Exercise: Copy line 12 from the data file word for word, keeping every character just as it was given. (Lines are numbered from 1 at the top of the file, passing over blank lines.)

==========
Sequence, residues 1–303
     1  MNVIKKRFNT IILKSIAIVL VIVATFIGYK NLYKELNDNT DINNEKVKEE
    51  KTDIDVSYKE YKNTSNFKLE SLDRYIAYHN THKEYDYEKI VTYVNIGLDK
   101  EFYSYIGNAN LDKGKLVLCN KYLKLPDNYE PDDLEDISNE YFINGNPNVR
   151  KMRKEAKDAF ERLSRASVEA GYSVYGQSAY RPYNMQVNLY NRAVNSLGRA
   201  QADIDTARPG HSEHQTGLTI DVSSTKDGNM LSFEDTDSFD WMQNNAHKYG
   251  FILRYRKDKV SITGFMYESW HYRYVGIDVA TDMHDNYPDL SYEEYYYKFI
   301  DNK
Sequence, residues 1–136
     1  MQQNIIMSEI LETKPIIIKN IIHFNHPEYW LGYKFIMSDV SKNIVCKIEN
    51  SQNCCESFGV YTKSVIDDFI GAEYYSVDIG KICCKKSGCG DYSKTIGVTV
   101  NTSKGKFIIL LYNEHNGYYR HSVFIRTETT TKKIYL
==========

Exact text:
   101  NTSKGKFIIL LYNEHNGYYR HSVFIRTETT TKKIYL